This whole problem could be solved if we only had an unambiguous full stop, rather than the confusing period. But actually we do, or at least, we did. For hundreds of years, it wasn't just professional printers that added extra space after sentences. When students learned basic penmanship in school, they were also taught to add extra space between sentences. There were no typewriters or computers. All person-to-person communications before the typewriter were handwritten, and people penned their letters with extra space between sentences.
In other words, the unambiguous full stop is simply a period combined with extra space. But we are losing this standard piece of punctuation. We are losing it to technology. We lost it to the poor formatting capabilities of the Linotype, and the expense of corrections. We lost it to the general desire for faster and cheaper printing, and even the slight savings in paper. We lost it to early web design standards that ignored the issue, because HTML was never meant to be so heavily typographic, and the designers didn't want to bother.
But that's all in the past. Right now, we are losing it to a group of people who have declared war on the extra space.
No, I don't mean typographers. You do often see claims that typographers everywhere have declared extra spacing to be wrong. What you don't see is hoards of actual typographers saying that. Sure you see some here and there. But there's also quite a few typographers who don't think it's such a hard and fast rule. And even a few who long for the days of wider sentence spacing. Despite any claims, typographers are not the driving force in this war.
The real leaders of the crusade are the editors. If you see someone complaining on line about this issue, by far the best guess is that they are an editor of some sort, and they are complaining about editing out extra spaces. It's unfortunate that no one has bothered to tell them of the wonders of search-and-replace. Or of requesting new features in their software if it doesn't do what they need. Or of buying someone else's software. All of these choices would alleviate the editor's pain without destroying a basic piece of punctuation. But instead of fixing their software, they have chosen to bend the habits of the world to their will.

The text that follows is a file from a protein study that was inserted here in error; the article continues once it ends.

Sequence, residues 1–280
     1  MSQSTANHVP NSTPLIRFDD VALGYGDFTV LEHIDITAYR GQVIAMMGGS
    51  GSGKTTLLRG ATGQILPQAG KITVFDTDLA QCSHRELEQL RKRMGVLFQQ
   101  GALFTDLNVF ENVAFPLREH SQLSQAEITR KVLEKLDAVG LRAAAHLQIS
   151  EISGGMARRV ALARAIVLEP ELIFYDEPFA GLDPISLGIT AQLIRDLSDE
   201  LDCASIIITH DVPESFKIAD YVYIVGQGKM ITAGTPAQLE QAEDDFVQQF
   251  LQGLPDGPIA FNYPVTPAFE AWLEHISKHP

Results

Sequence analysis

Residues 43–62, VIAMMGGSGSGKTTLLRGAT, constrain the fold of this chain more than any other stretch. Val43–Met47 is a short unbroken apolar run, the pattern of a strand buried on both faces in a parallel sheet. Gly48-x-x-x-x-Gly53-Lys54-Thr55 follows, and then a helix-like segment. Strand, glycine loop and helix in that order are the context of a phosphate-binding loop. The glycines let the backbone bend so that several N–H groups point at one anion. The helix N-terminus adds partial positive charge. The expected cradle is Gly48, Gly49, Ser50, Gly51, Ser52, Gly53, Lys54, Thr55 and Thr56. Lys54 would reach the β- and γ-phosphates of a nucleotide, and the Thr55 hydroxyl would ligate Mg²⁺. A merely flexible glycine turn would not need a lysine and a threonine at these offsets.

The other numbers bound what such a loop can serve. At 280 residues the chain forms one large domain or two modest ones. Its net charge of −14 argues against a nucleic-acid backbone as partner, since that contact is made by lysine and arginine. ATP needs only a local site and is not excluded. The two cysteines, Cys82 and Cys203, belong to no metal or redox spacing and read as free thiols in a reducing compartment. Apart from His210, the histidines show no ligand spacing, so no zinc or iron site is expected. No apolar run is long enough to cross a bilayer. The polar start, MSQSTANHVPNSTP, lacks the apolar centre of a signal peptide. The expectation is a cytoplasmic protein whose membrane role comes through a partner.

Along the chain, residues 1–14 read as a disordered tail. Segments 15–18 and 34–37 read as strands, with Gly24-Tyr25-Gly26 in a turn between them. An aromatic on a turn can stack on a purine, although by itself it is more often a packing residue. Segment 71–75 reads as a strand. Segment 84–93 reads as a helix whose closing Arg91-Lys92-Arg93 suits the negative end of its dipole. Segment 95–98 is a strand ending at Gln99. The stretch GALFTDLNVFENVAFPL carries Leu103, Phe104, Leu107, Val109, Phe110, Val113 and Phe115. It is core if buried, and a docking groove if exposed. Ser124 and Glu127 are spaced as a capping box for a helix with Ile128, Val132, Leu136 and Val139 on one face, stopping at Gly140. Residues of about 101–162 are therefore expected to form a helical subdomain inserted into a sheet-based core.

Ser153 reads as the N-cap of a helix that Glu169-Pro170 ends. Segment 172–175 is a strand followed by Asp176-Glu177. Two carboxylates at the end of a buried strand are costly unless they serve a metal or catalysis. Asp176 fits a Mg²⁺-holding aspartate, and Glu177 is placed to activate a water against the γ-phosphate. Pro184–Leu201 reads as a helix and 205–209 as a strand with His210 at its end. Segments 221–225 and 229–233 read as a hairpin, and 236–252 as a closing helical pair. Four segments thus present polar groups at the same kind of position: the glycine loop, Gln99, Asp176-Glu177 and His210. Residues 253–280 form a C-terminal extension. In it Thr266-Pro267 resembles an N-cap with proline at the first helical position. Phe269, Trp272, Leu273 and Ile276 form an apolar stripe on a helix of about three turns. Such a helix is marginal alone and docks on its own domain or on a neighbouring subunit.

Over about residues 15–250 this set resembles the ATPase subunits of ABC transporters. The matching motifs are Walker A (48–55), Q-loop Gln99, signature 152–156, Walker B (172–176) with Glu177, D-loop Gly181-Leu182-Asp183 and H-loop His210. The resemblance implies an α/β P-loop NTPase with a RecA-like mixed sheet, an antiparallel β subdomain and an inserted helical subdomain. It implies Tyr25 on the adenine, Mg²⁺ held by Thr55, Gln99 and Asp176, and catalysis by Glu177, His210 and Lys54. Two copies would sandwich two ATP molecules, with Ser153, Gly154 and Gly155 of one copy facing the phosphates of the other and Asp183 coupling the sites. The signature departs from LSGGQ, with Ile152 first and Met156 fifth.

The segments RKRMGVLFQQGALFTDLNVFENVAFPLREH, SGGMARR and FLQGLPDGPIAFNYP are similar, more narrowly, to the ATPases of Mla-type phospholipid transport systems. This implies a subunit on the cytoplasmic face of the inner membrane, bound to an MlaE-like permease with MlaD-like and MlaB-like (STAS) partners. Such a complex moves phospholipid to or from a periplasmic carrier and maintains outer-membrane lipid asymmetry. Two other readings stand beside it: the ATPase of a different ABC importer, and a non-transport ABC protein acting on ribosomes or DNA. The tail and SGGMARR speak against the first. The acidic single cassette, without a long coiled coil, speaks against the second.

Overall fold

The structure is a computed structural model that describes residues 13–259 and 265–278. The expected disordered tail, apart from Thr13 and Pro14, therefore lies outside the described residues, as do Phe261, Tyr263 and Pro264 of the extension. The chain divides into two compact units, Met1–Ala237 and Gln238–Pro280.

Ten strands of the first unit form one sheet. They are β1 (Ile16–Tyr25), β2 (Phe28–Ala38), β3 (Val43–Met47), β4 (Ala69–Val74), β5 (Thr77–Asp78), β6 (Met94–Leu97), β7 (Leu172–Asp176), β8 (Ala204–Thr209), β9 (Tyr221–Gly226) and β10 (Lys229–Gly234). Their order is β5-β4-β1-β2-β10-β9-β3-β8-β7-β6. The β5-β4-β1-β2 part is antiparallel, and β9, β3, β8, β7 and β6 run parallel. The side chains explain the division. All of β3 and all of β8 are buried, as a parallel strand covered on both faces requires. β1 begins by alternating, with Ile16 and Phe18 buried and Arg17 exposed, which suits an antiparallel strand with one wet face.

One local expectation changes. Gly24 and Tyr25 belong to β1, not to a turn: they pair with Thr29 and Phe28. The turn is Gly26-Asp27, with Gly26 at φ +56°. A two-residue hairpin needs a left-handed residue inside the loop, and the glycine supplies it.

It's more than just unfortunate. It's tragic. Editors are entrusted with preserving our communications, with standardizing them. And yet it is editors who, simply out of plain laziness or technological ignorance, are willing to cast aside the unambiguous full stop like it was nothing more than yesterday's newspaper, or this morning's toilet paper.
In print, the unambiguous full stop disappeared thanks to cost-cutting. Luckily, we had typewriters there to keep it alive, and teach us all the two-space habit. But now we're in the computer age. Much software has learned it's lesson from typewriters, and those two spaces are still used and recognized in a wide number of software packages. But unfortunately there are other software packages that don't understand. They learned their lessons from a print industry, without understanding that the loss of extra spacing was simply a cost-cutting strategy.
The irony is that today, the costs that lead to the demise of wide sentence spacing in the print industry no longer apply. Thanks to the two-space typing habit it's a trivial change to allow the print industry to reliably typeset sentences according to any desired style. And it's trivial for translation software, and text to speech software to reliably detect sentences and use that information.
Ultimately we write so that we can communicate our ideas clearly and effectively. And our most basic unit of communication is the sentence. Isn't it worth providing a reliable way of deciding what is and is not a sentence?
On the other hand, we could all abandon that extra space and just leave it up to chance. Because think of the all time those editors can save!